We are thirteen stages into the Vuelta, and we’ve already seen some big climbs and some summit finishes, and we’re developing sizable gaps in the GC. What we haven’t seen is an “especial” (HC) mountain. That changes on Saturday, with a mountaintop finish on the Sierra de la Pandera.
What’s it all about?
I mean, look at the map, people. It is all about the final climb. The first 140-odd kms are typical bumpy Vuelta fare, and the cat 2 Alto Valdepenas (8.5km at 4.8%) will thin the field slightly, but this stage starts mattering in the last 15km or so, which are really hard. The official site has this climb at 7.3% for 12km, and notes one stretch of a klick at 13%, which is very different to a restful Saturday on the sofa. Some comparatively gentle early slopes, and a slight dip before the final kick make the overall gradient sound nicer than it will feel.
There’s a philosophical question here, too, of the “when is a climb a climb?” variety, as climbbybike think of this as a 24km, 5.2% climb. They appear to be counting part of the preceding Alto Valdepenas in their analysis, which shows how close the two climbs are together, and stresses the difficulty the riders will face. This is a lengthy effort but it isn’t a rhythm climb. Riders will be changing pace and varying their efforts for the last 45 minutes or so, and it’ll be very hard to stay out of the red. The forecast (at least at ground level) is for heat and no wind, and there’s some decent altitude involved as well, so conditions won’t be easy.
The other complication is Sunday. You’ll notice I’ve used phrases like “really hard”. That’s because I’m saving “brutal” for the next preview. This is the Vuelta, and we have to grade on a curve. I don’t want to ruin tomorrow’s preview, but if you’ve read the boss’ piece, you’ll know there’s worse in store before the next rest day. So expect to see some serious effort from the GC boys, but they’ll know they need to keep something in their legs to get through Stage 15.
Did you know?
This is a serious cycling stage, and I am not going to descend into my usual nonsense about old rocks and bitter jam. What I’ll talk about is the only previous finish on this climb. That was in 2009, the year Valverde won the overall, and recent enough that we have results. Damiano Cunego won that day, but I would draw your attention to four things.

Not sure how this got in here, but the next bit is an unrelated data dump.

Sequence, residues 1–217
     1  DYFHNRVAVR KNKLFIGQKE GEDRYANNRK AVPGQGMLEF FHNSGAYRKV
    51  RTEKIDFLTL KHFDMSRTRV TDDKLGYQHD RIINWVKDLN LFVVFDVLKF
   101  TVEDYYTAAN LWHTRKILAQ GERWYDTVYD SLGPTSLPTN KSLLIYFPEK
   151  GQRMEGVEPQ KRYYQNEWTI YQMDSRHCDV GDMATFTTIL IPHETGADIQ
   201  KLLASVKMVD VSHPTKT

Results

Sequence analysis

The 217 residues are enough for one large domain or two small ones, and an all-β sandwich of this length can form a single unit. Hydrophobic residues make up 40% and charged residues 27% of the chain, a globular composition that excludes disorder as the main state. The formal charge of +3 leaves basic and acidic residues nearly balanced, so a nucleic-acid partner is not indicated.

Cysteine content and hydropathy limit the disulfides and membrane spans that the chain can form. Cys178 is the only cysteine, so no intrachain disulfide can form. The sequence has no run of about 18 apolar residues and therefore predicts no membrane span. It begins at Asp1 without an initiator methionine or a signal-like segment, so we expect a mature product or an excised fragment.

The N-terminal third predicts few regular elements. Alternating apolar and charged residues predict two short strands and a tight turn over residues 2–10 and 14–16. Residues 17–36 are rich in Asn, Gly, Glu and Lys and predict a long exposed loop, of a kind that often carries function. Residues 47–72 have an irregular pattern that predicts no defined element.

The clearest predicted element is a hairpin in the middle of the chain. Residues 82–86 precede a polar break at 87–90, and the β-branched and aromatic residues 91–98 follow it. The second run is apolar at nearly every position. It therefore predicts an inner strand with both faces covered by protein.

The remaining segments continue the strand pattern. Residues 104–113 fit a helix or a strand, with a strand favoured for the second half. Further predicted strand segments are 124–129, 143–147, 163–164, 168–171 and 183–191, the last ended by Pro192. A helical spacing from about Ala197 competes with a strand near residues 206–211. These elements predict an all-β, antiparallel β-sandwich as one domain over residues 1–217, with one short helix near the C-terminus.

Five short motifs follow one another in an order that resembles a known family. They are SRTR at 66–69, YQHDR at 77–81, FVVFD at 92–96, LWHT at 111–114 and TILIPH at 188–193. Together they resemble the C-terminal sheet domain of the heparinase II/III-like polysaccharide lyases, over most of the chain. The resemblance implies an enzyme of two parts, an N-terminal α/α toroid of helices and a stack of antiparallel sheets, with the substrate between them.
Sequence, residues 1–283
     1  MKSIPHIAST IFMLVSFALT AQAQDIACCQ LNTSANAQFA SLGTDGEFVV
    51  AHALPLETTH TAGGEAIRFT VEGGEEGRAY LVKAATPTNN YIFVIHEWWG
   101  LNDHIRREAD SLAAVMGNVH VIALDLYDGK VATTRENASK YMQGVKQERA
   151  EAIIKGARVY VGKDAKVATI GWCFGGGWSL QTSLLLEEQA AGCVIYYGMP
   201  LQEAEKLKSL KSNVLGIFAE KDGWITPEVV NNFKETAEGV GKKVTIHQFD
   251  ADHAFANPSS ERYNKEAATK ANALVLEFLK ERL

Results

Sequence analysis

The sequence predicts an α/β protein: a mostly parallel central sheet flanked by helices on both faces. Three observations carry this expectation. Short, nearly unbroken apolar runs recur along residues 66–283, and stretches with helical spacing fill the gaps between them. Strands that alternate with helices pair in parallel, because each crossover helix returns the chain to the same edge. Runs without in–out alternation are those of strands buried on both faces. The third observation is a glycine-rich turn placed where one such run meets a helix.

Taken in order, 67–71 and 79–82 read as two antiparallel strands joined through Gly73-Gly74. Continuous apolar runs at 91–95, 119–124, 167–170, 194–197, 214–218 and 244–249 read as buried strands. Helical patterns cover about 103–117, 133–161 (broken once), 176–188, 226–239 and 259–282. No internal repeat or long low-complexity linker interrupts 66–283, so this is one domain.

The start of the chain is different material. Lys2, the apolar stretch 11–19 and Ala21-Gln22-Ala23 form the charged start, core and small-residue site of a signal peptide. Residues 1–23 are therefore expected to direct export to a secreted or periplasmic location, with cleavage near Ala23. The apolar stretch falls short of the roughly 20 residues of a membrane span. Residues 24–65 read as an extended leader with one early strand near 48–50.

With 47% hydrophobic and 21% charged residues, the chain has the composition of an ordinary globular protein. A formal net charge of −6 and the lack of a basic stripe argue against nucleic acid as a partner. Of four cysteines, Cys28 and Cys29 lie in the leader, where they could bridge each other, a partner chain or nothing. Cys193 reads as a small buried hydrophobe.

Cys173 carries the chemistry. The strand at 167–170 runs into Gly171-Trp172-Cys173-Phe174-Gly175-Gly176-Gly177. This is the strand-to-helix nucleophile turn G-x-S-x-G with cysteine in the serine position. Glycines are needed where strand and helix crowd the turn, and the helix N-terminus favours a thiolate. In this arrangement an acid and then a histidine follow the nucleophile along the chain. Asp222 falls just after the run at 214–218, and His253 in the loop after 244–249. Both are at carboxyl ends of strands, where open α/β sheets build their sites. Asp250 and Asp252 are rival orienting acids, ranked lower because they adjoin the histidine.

First, he won from the break; this is a tough climb (one report did use the “b word”, calling it “brutally steep”) but not an incredibly long one; a good climber in a break with a decent gap could conceivably steal this. Second, the weather that day was awful - so it may not be the same sort of race this time. Third is the gaps between the main contenders - don’t let Sunday’s headline finish make you think Saturday will be easy or neutralised.
Fourth and finally, have a look at that top picture. How great was Cadel’s pain face, even on a good day? That’s him finishing 7th overall, by the way, en route to his only Vuelta GC podium. He looks like me after a 5km run. Another sign that this isn’t a climb you can “diesel” your way up.
Pick to win
I can see three scenarios, and three separate winners:
- The bigs go all out, letting tomorrow deal with tomorrow, and the best climber in the field takes the win. Likeliest beneficiary: Chris Froome. Chances: 25%.
- The break gets caught and an elite group sticks together, with a few attacks allowed to go in the last couple of kms from guys who aren’t threatening the podium. Likeliest beneficiaries: Miguel Angel Lopez or Alberto Contador. Chances: 50%.
- A break gets away, fractures on the final climb, but a few good climbers from the group hold off the marauding GCers and take the win. Likeliest beneficiary: Rafal Majka. Chances: 25%.
I’ll probably be putting some fake bets on twitter once the odds are available for the stage (I’m writing this before stage 13, so we’ll wait and see) and MAL and Majka look like they might be available at a decent price. For now, I’ll go with Majka, just to run contrary to popular opinion.